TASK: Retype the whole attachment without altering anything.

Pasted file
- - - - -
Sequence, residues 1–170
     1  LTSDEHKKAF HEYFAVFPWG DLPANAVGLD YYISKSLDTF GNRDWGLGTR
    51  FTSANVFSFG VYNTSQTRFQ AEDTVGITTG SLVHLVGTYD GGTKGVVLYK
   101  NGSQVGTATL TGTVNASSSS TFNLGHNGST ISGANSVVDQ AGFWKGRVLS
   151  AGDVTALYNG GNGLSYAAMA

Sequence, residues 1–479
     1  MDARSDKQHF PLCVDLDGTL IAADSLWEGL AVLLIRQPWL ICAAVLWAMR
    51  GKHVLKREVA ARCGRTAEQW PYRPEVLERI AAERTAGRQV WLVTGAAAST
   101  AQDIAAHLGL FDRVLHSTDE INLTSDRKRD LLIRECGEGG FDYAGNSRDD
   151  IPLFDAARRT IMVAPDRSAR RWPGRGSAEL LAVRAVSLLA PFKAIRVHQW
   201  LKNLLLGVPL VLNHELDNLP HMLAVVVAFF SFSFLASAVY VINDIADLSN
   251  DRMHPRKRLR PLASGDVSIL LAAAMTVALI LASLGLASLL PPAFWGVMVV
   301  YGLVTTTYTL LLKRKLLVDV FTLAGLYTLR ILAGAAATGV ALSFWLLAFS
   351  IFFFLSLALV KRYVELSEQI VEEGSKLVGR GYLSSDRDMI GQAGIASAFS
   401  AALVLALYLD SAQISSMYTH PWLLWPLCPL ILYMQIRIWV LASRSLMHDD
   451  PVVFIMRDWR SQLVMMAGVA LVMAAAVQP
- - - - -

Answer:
Sequence, residues 1–170
     1  LTSDEHKKAF HEYFAVFPWG DLPANAVGLD YYISKSLDTF GNRDWGLGTR
    51  FTSANVFSFG VYNTSQTRFQ AEDTVGITTG SLVHLVGTYD GGTKGVVLYK
   101  NGSQVGTATL TGTVNASSSS TFNLGHNGST ISGANSVVDQ AGFWKGRVLS
   151  AGDVTALYNG GNGLSYAAMA

Sequence, residues 1–479
     1  MDARSDKQHF PLCVDLDGTL IAADSLWEGL AVLLIRQPWL ICAAVLWAMR
    51  GKHVLKREVA ARCGRTAEQW PYRPEVLERI AAERTAGRQV WLVTGAAAST
   101  AQDIAAHLGL FDRVLHSTDE INLTSDRKRD LLIRECGEGG FDYAGNSRDD
   151  IPLFDAARRT IMVAPDRSAR RWPGRGSAEL LAVRAVSLLA PFKAIRVHQW
   201  LKNLLLGVPL VLNHELDNLP HMLAVVVAFF SFSFLASAVY VINDIADLSN
   251  DRMHPRKRLR PLASGDVSIL LAAAMTVALI LASLGLASLL PPAFWGVMVV
   301  YGLVTTTYTL LLKRKLLVDV FTLAGLYTLR ILAGAAATGV ALSFWLLAFS
   351  IFFFLSLALV KRYVELSEQI VEEGSKLVGR GYLSSDRDMI GQAGIASAFS
   401  AALVLALYLD SAQISSMYTH PWLLWPLCPL ILYMQIRIWV LASRSLMHDD
   451  PVVFIMRDWR SQLVMMAGVA LVMAAAVQP